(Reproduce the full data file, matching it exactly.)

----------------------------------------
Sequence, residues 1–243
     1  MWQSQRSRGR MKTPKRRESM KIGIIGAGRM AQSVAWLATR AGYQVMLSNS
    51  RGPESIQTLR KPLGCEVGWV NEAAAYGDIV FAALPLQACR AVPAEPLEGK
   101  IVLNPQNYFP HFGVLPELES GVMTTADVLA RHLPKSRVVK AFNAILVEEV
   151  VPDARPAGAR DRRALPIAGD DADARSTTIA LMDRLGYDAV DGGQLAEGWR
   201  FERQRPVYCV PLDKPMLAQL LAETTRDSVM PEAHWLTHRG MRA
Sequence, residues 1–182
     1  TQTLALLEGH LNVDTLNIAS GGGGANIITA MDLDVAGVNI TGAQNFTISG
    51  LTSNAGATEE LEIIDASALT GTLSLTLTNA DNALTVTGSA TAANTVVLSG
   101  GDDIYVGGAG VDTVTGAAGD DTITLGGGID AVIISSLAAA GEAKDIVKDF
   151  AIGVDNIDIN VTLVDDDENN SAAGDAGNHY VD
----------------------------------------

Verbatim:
Sequence, residues 1–243
     1  MWQSQRSRGR MKTPKRRESM KIGIIGAGRM AQSVAWLATR AGYQVMLSNS
    51  RGPESIQTLR KPLGCEVGWV NEAAAYGDIV FAALPLQACR AVPAEPLEGK
   101  IVLNPQNYFP HFGVLPELES GVMTTADVLA RHLPKSRVVK AFNAILVEEV
   151  VPDARPAGAR DRRALPIAGD DADARSTTIA LMDRLGYDAV DGGQLAEGWR
   201  FERQRPVYCV PLDKPMLAQL LAETTRDSVM PEAHWLTHRG MRA
Sequence, residues 1–182
     1  TQTLALLEGH LNVDTLNIAS GGGGANIITA MDLDVAGVNI TGAQNFTISG
    51  LTSNAGATEE LEIIDASALT GTLSLTLTNA DNALTVTGSA TAANTVVLSG
   101  GDDIYVGGAG VDTVTGAAGD DTITLGGGID AVIISSLAAA GEAKDIVKDF
   151  AIGVDNIDIN VTLVDDDENN SAAGDAGNHY VD